Were you a Denver Nuggets fan, you had a chance at your best possible outcome: you got to see Russell Westbrook collect his 42nd triple-double of the season, breaking Oscar Robertson’s 55-year-old record, and you got to watch the Thunder, who too often seemed like they were gasping for breath, and not because of the altitude either, stumble all over the place. And the Nuggets had serious motivation: they started the day a game and a half behind the Trail Blazers for the eighth and last playoff spot in the West, and a loss would mean elimination. Then Westbrook did his usual fourth-quarter stuff, because that’s what he does. With 2.9 seconds left, Denver had had its lead shaved to two, at 105-103, and the ball, inevitably, came in to Westbrook, 36 feet from the rim. He sailed it over the Nuggets, and they watched it go in, just a breath or two before the horn. Oklahoma City 106, Denver 105, the season series is swept — the Nuggets haven’t beaten the Thunder in over two years — and if this doesn’t sweep Westbrook into the MVP slot, nothing can.
And it took Westbrook-style heroics to pull this one off, too. Andre Roberson was back, but for limited minutes, and he seemed unwell. Doug McDermott was a late scratch, and Victor Oladipo seemed to be walking wounded. (VO was 3-15 from the floor, missing all six three-point attempts.) Against this, you have both Danilo Galinari and Wilson Chandler collecting double-doubles, Gallinari knocking down a season-high 34, and Nikola Jokić good for 23. The Nuggets shot 6 percent better than the Thunder, and their 11-34 for three eclipsed the Thunder’s feeble 6-25.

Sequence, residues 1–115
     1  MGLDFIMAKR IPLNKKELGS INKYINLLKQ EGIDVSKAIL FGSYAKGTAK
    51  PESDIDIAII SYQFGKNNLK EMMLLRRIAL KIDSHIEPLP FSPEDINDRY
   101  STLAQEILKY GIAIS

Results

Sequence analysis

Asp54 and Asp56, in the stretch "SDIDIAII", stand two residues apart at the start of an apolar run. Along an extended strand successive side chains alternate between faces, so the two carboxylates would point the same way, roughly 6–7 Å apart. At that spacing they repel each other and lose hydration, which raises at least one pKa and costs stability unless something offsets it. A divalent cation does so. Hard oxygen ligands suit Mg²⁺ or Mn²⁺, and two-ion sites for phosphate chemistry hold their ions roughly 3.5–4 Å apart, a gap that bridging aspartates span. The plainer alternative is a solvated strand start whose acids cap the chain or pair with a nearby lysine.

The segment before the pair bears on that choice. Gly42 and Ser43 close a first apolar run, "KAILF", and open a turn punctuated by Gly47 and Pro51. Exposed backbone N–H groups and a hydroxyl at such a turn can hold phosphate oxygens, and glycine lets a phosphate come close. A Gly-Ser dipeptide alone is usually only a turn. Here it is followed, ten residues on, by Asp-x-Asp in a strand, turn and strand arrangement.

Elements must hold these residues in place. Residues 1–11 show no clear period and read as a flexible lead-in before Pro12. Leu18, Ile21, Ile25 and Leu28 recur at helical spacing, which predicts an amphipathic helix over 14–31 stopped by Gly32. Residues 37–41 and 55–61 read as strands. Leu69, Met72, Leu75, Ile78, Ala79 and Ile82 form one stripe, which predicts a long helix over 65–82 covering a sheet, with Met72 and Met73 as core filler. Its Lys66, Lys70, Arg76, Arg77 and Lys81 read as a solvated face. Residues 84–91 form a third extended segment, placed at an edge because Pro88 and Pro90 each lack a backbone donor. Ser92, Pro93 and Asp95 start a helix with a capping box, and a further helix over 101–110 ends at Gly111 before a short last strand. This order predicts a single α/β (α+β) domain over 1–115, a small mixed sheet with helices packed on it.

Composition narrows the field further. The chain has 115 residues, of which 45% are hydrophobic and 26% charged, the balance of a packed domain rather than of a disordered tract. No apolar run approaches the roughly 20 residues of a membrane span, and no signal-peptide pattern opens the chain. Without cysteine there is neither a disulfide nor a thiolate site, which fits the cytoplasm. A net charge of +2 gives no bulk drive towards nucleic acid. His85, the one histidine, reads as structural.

But none of that matters, because Westbrook. We’re talking 50-16-10. And if you need a reminder of how this team works: Semaj Christon scored exactly three points — off Westbrook’s tenth assist, the one that nailed down the record. The brothers Stache had 25 points between them; nobody else managed even ten.
Just a reminder:
In the last 2:30 of the 4th quarter Russell Westbrook outscored the entire Nuggets team 13-2. https://t.co/bJeQY7rWv4
— ESPN Stats & Info (@ESPNStatsInfo) April 9, 2017
And that’s 80 games. Two remain: at Minnesota on Tuesday, and at home against some rather cheesed-off Nuggets on Wednesday. Those games are valuable to the statisticians, but not, I suspect, to anyone else.